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ORIGINAL ARTICLE
Year : 2022  |  Volume : 4  |  Issue : 1  |  Page : 43

Teleophthalmology postoperative evaluation of patients following pterygium surgery in the Amazon


1 Vision Institute, IPEPO, Sao Paulo, Brazil
2 Institute of Biomedical Sciences 5, University of Sao Paulo, Rondonia, Brazil
3 Vision Institute, IPEPO; Ophthalmology, Federal University of Sao Paulo, Sao Paulo, Brazil
4 Ophthalmology, Federal University of Sao Paulo, Sao Paulo, Brazil

Correspondence Address:
Nicole Bragantini Larivoir
MD, Rua Pedro Scapim 165/202, São Matheus, Juiz de Fora, Minas Gerais
Brazil
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Source of Support: None, Conflict of Interest: None


DOI: 10.4103/pajo.pajo_39_22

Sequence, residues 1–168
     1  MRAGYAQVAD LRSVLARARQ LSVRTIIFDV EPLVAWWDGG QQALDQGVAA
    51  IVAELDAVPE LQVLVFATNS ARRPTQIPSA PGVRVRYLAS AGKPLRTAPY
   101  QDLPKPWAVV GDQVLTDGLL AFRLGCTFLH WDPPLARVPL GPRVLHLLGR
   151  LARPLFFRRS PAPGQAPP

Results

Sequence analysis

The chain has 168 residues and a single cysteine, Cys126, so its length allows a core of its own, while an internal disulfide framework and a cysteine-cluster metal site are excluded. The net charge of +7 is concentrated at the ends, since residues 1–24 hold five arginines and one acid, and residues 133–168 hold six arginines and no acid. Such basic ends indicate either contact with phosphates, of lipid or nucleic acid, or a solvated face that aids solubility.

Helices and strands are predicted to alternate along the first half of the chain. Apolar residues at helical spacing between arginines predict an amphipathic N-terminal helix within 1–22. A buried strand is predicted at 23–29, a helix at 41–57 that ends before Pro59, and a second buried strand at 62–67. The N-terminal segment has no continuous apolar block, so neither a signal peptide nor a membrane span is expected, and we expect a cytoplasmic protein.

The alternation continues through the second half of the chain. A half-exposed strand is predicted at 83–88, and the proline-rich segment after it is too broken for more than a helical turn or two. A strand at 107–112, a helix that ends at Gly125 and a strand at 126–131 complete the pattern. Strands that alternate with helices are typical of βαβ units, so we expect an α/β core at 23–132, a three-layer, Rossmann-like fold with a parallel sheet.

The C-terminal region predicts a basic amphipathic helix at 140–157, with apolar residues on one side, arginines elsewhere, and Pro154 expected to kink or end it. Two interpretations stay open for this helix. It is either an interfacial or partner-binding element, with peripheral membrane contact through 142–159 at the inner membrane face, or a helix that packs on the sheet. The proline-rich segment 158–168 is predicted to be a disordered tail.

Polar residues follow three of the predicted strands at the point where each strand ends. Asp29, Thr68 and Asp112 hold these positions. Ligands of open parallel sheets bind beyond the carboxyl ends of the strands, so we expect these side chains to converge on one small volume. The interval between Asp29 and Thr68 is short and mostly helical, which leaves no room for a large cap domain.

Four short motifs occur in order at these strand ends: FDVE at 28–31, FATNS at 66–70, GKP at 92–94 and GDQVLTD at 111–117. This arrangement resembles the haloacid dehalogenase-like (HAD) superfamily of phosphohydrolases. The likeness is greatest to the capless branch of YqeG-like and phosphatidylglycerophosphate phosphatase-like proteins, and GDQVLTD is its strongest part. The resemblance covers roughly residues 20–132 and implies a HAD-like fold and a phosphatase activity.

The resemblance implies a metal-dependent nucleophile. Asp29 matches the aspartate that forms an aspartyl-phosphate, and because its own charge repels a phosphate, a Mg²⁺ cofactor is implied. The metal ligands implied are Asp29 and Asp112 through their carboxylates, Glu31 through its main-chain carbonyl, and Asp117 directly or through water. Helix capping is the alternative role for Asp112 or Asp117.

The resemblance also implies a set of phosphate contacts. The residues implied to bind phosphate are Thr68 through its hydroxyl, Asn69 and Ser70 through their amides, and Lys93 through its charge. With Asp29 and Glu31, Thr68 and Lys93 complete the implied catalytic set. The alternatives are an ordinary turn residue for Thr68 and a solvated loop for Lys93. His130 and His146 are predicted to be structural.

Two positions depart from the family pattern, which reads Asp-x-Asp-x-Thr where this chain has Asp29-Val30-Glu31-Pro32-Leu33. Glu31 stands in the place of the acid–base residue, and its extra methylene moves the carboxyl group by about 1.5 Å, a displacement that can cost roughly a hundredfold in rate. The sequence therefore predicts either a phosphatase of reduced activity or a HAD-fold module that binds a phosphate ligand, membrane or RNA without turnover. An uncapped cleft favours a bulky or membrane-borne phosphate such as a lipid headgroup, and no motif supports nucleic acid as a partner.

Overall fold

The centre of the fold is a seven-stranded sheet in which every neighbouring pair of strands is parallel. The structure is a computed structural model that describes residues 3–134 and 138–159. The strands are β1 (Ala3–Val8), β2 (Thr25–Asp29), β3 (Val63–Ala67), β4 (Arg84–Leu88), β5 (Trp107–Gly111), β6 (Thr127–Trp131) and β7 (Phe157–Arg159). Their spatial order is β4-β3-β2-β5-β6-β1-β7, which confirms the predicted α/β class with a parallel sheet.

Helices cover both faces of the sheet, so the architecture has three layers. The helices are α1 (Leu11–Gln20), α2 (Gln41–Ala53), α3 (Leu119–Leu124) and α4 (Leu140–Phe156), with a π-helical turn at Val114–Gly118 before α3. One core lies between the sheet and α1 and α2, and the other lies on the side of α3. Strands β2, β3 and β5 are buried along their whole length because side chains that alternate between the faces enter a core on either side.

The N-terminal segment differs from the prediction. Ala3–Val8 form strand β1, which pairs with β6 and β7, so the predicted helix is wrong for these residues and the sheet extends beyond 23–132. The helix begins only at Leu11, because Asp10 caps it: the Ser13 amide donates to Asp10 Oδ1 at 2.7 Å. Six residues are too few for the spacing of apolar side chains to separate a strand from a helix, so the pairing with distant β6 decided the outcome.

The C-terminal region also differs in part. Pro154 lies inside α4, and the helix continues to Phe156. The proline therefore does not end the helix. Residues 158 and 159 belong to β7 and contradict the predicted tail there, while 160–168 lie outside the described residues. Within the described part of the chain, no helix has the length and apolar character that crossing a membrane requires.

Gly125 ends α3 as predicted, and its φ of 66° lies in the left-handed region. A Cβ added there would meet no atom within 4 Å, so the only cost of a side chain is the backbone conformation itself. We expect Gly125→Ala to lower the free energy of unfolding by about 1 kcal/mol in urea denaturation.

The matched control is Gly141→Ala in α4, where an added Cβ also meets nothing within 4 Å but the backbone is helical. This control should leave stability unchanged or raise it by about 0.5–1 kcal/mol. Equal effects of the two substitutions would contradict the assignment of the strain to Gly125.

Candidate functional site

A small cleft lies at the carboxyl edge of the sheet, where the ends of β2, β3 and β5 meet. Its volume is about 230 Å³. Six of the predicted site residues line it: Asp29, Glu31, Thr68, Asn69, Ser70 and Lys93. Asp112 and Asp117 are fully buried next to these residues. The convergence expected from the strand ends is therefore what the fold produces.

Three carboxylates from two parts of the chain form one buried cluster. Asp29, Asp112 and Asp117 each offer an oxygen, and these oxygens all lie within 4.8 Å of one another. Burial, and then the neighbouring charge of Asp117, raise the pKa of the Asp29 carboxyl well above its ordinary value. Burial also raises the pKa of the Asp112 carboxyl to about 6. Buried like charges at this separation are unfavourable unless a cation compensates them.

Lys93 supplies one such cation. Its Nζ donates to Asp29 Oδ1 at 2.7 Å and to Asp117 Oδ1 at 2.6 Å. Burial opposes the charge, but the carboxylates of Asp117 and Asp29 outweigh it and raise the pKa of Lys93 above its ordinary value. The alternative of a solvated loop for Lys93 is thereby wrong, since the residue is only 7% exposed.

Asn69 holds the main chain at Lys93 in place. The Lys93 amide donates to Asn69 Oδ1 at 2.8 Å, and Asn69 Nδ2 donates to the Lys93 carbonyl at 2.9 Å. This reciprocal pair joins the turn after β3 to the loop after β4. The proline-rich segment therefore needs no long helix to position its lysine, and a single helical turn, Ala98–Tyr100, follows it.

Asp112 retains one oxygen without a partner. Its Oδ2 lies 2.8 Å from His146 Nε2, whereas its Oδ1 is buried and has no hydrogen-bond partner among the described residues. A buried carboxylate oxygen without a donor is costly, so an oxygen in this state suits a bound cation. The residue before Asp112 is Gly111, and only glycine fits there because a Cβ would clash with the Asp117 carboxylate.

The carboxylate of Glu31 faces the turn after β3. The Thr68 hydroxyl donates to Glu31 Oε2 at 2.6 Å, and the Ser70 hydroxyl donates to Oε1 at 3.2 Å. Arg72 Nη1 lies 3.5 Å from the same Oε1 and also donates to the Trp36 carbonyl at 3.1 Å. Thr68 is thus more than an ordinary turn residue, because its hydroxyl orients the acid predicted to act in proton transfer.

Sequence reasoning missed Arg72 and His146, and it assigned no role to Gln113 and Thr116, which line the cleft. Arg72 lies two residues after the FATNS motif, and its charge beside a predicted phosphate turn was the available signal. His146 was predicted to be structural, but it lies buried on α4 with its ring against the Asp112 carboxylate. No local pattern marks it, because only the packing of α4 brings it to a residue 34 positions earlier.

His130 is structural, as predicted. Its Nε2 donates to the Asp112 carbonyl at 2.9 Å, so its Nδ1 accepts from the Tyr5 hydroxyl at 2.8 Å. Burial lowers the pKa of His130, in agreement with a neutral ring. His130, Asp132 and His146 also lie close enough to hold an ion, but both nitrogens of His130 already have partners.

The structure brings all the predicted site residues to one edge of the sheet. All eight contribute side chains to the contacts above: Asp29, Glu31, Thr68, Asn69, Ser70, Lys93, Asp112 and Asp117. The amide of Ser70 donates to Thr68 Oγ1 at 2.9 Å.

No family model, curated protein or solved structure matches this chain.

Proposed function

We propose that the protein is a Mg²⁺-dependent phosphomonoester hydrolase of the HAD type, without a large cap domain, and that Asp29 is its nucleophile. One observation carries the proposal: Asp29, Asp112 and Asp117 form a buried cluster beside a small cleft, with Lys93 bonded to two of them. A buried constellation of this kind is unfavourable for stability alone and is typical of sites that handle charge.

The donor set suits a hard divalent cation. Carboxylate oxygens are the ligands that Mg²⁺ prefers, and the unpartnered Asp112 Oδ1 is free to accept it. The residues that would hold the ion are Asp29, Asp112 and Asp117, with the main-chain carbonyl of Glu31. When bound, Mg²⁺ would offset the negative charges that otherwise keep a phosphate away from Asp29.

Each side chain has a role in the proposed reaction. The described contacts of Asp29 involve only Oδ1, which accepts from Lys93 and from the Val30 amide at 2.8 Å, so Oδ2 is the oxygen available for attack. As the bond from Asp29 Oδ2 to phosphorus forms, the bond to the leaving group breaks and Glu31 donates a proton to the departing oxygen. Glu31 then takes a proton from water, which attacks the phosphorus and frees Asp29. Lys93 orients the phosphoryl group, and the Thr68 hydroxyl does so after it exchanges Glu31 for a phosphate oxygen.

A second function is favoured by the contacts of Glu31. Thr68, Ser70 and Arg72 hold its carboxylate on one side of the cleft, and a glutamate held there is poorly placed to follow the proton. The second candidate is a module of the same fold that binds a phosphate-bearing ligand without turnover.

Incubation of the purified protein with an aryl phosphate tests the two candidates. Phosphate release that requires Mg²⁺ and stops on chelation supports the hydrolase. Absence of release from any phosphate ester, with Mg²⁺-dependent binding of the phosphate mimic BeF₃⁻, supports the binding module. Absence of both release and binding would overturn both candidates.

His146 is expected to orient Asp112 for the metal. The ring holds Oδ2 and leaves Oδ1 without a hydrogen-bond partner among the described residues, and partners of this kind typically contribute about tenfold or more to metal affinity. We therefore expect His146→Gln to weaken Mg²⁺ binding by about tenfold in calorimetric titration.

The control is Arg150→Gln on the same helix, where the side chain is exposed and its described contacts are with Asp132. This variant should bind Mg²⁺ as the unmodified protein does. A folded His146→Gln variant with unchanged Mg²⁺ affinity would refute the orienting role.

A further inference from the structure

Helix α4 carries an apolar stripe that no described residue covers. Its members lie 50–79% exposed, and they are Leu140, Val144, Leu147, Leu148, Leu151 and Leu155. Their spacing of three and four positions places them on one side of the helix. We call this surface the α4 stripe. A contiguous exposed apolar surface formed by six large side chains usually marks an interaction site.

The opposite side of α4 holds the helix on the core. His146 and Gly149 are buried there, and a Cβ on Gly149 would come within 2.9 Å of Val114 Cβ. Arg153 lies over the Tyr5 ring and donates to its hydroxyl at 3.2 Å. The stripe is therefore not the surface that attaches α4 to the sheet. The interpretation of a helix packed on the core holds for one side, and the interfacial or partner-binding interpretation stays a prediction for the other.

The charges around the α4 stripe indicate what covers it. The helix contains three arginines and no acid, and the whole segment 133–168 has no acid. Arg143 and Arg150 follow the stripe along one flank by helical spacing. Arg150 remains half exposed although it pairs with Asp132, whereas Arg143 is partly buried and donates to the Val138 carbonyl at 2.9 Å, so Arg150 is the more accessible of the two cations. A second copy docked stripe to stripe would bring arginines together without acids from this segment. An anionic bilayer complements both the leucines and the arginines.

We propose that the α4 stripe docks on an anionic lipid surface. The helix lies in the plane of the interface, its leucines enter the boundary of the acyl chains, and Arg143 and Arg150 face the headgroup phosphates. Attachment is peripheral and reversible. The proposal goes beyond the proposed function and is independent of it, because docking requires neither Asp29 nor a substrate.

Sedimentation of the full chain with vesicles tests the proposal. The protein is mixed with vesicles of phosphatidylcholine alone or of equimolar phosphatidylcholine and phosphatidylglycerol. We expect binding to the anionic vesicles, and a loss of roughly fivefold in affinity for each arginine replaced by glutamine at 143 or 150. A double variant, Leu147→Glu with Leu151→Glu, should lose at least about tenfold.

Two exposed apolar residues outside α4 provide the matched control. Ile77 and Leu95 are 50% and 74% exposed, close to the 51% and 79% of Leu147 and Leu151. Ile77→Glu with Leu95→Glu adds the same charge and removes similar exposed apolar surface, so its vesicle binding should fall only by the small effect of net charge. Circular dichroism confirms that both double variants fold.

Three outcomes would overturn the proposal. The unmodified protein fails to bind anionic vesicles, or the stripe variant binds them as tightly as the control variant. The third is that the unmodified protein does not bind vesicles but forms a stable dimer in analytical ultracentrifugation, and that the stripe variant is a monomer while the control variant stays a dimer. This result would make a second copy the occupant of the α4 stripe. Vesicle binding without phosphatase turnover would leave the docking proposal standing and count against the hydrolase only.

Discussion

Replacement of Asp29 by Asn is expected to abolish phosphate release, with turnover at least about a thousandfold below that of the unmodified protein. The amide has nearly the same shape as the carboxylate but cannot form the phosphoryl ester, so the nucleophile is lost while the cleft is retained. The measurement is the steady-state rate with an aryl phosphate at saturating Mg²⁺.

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Introduction: Pterygium represents a significant cause of visual impairment and blindness in the Amazon and surgery is the only definitive treatment available. The cost of surgery and the need for prolonged postoperative follow-up have proved to be an obstacle to its management. The aim of this prospective study carried out in the southern region of the Amazon was to evaluate telemedicine in the pterygium surgery follow-up to help make pterygium surgery postoperative care feasible in places without ophthalmologic assistance. Materials and Methods: Postoperative follow-up care was done through teleconsultation. It involved capturing photographs from the corneal and conjunctiva by trained technicians and sending them to a reading center for an ophthalmologist's assessment based on an asynchronous (store-and-forward) model. Patients and ophthalmologists were inquired about their satisfaction regarding the postoperative follow-up. Results: All pictures were classified as adequate, allowing proper assessments of results and complications. It was possible to manage the postoperative and conclude there were no postoperative surgical complications during the 6-month follow-up. All patients reported satisfaction with the remote performed evaluation and considered that all their doubts and expectations were met. Conclusion: Teleophthalmology allows remote access and can significantly improve eye care quality, access, and affordability. It may represent an alternative to providing pterygium surgery postoperative monitoring in areas without the availability of an ophthalmologist, making it possible to combat one of the leading causes of reversible blindness in the equatorial region.


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